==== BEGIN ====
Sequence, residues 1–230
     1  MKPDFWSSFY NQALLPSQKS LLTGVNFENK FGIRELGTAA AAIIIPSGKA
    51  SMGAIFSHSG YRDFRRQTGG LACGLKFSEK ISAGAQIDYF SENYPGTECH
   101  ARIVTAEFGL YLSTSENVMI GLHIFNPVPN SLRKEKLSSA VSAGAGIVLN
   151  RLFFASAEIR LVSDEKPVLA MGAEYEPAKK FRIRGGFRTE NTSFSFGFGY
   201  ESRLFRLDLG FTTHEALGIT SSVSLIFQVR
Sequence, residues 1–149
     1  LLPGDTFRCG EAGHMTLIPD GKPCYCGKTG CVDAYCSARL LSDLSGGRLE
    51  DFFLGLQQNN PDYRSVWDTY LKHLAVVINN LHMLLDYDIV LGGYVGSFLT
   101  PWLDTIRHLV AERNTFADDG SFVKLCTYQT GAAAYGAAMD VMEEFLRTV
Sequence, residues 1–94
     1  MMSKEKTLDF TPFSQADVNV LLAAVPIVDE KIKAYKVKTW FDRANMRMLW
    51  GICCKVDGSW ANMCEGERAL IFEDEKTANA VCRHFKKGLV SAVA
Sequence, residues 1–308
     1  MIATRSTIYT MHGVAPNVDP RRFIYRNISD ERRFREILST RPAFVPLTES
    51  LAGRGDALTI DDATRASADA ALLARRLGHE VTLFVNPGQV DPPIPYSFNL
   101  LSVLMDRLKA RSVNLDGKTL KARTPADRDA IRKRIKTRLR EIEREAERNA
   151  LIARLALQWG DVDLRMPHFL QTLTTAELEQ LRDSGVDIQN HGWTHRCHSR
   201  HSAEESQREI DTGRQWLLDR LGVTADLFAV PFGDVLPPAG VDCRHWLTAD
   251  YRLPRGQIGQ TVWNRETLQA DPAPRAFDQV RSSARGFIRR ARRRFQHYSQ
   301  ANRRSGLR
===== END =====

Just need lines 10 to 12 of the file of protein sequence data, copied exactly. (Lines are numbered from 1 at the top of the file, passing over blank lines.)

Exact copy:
   101  PWLDTIRHLV AERNTFADDG SFVKLCTYQT GAAAYGAAMD VMEEFLRTV
Sequence, residues 1–94
     1  MMSKEKTLDF TPFSQADVNV LLAAVPIVDE KIKAYKVKTW FDRANMRMLW